ESL teacher and chess sponsor Mike Bowden has taught in Title I schools for 16 years. He has taught chess during the school day to 2nd through 5th grade students and teachers in Lewisville (TX) ISD. He presented “Academic Chess – Chess For Reluctant Administrators”. He differentiated Academic Chess from Scholastic Chess in that the emphasis is on higher order thinking, collaborative (rather than individual) problem solving, and is language based. Students discuss possible solutions, anticipated outcomes, and write responses. Components of Academic Chess are given as Topical Question, Essential Understanding, Content Objective and Language Objective. A Topical Question is posted and provides the focus for instruction and effort. Essential Understanding is what the student must know or do for the learning to be effective. Mike Bowden noted that solving any problem requires us to think through potential solutions and outcomes before acting on an idea. The problem does not need to be chess centric as making a general statement assists with transferability. The Content Objective is to begin with the end in mind. Tell the students what they will do after instruction. You will analyze problems to determine alternate solutions. You will visualize the results before moving chessmen. Anticipate the outcome of your solution with If/Then thinking. The Language Objective is to inform students of the academic vocabulary expectation they are to meet and implement to be an effective speaker and writer. An example is given of how the concept works. The Topical Question is “How can I solve a chess problem using a piece that only moves in a diagonal line?” The Essential Understanding is “Diagonal lines connect point to point on the chessboard. Diagonal lines can be from 2 to 8 squares long”. The Content Objective is “Learn the name and moves of the Bishop.” The Language Objective is “Complete this statement: Moving in diagonal lines is different from moving on ranks and files ….” Academic Chess is a way to use chess to teach problem solving, anticipation of outcomes, and critical thinking. The presentation can be found at www.utdallas.edu/chess/kolty2.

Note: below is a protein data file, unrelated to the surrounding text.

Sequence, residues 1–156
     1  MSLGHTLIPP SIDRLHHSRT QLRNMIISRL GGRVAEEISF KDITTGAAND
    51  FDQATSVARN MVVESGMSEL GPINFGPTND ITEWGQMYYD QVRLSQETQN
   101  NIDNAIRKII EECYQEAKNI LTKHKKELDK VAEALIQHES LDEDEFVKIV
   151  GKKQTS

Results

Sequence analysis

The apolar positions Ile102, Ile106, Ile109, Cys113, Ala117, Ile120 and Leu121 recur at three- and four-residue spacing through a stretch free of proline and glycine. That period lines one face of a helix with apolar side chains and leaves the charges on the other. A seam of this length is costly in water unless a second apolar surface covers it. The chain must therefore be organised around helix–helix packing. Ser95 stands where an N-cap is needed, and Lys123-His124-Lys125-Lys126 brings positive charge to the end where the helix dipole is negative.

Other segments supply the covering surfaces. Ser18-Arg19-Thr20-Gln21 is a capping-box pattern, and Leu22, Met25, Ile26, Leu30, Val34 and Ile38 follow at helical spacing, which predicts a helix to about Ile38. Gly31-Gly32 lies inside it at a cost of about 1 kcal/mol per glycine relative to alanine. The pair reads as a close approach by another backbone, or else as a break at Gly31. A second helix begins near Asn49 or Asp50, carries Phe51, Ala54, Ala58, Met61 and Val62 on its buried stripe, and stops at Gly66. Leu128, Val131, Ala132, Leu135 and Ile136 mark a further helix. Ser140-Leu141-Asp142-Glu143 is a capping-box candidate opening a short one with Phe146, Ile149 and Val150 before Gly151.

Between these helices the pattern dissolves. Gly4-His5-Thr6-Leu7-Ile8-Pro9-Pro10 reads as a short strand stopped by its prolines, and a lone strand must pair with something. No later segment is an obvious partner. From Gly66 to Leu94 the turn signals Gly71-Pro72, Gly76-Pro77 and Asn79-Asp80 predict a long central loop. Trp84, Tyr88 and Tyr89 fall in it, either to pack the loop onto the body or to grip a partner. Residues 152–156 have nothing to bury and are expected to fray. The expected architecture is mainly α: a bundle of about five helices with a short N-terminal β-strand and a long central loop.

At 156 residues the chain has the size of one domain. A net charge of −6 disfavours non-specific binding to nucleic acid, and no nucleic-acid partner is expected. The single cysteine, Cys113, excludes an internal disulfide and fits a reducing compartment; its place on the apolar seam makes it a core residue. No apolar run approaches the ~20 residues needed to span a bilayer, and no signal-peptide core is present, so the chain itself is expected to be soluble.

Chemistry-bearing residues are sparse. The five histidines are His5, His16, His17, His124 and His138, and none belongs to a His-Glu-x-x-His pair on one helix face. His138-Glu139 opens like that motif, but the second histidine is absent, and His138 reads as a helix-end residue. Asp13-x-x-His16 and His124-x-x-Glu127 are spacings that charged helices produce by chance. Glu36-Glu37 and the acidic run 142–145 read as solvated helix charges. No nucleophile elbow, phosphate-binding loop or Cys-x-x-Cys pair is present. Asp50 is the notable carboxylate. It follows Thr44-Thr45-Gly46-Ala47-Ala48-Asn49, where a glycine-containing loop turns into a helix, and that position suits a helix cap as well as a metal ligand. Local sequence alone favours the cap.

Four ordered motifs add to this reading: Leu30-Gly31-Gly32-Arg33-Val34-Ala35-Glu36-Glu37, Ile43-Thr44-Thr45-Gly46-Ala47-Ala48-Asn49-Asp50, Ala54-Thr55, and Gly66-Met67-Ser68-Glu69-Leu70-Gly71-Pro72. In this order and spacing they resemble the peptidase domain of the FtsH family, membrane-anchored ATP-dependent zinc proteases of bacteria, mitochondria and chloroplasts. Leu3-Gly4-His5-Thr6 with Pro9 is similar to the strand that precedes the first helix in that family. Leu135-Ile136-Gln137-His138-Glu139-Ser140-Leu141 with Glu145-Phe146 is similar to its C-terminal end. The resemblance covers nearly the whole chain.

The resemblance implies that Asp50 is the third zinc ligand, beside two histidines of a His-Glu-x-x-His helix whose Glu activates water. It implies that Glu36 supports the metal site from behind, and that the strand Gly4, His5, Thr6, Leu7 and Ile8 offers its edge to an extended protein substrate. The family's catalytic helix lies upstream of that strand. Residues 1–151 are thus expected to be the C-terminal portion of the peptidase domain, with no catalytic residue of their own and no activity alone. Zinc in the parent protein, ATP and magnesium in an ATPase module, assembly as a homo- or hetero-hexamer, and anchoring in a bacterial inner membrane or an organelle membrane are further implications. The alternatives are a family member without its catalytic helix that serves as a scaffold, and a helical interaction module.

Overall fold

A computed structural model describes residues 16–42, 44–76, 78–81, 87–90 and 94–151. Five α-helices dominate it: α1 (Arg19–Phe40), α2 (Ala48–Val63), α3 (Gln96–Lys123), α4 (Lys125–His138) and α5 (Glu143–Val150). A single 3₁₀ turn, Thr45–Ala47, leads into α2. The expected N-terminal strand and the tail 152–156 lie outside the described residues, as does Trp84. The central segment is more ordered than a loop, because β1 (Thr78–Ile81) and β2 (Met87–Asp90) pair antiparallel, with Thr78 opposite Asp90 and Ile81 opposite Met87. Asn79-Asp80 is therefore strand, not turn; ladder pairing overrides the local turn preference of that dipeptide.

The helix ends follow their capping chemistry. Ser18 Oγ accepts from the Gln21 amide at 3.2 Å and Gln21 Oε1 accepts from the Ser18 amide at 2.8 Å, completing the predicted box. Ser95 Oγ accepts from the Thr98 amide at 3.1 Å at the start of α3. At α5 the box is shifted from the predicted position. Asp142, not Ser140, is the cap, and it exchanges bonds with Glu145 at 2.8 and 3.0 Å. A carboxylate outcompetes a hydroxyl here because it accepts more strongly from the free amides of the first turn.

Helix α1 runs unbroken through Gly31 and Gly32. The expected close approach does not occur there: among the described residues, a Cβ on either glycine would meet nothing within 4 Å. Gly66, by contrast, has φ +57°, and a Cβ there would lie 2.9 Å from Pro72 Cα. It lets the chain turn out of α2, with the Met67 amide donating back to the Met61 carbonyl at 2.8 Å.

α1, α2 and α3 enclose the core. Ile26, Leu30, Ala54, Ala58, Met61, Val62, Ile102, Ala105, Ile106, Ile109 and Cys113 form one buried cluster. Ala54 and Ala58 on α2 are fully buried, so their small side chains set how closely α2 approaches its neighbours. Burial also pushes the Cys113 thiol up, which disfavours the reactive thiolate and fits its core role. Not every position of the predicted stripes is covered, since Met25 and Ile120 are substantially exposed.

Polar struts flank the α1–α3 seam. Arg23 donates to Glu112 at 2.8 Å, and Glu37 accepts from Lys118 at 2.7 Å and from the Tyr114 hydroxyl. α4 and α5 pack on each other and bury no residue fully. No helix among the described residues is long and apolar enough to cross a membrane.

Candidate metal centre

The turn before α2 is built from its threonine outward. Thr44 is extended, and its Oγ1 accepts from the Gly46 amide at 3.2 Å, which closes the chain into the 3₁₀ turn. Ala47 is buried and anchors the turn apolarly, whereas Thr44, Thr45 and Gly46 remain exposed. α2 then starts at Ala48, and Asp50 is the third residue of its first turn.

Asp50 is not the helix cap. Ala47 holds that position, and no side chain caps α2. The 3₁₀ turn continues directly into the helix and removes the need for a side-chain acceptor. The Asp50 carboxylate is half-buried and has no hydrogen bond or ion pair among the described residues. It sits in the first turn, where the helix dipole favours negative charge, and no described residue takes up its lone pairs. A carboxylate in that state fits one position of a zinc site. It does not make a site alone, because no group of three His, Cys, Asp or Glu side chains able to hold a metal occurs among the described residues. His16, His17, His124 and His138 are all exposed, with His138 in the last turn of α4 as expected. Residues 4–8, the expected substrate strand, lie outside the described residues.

IM Dmitry Schneider (AKA Dmitri Shneider) is an International Master and has earned the USCF Original Life Master and Life Senior Master titles. He is a former captain of the UTD Chess Team where he helped the UTD team take a number of Pan American championships. He has also won the individual Pan American Junior and Pan American Youth Championships. IM Schneider is currently an Investment Banker in New York City and talked about how skills acquired through chess mastery transfer to the world of investment banking and capital markets. His presentation was introduced by a mosaic of Chess in Popular Culture, which included photos from the movies “From Russia With Love”, “Searching for Bobby Fischer”, “Alice in Wonderland”, “Casablanca”, “The Luzhin Defense”, and “Queen to Play” as well as Bobby Fischer’s “Life” Magazine Cover, the Star Trek 3D Chess Set, The Kasparov vs. the Pepsi Machine Super Bowl Commercial, cover artwork from Karna Small Bodwin’s “Checkmate” and “Gambit” novels, and a photo from the German work by Siegfried Zandernach “David und Goliath Spielen Schach.” He also pointed out that Pay Pal founder Peter Thiel, artist Marcel Duchamp, and “Art of Learning” author Josh Waitzkin are chess masters and noted trader Victor Niederhoffer was a solid chess player. He noted that chess and investing both involve competition where one must quickly evaluate the risks and rewards of various moves and strategies by relying on their ability to spot underlying trends and patterns while calculating several moves ahead. Chess and investing have overlapping skill requirements including Critical Thinking, Pattern Recognition, Being Calm under pressure, Vision and Awareness of Opponents’ Ideas, Preparation, Perseverance, Pragmatism, and Decisiveness. He illustrated critical thinking and pattern recognition with stock trend charts and a mate in two chess problem. He pointed out that it is much harder to make good decisions if there is pressure, uncertainty on future moves, or limited time to make a decision (illustrated by a chess clock face with less than a minute left and a sharply declining market chart). He referred to Preparation, Perseverence, and Pragmatism as the three P’s of winning the close ones and noted that whether it is studying games in chess or reading research and analyzing companies, you must work harder than the competition. He concluded that chess has made inroads into education in the US but there is more to go. There is no reason why there shouldn’t be a chess program in every school in the US. The presentation is available at www.utdallas.edu/chess/kolty2.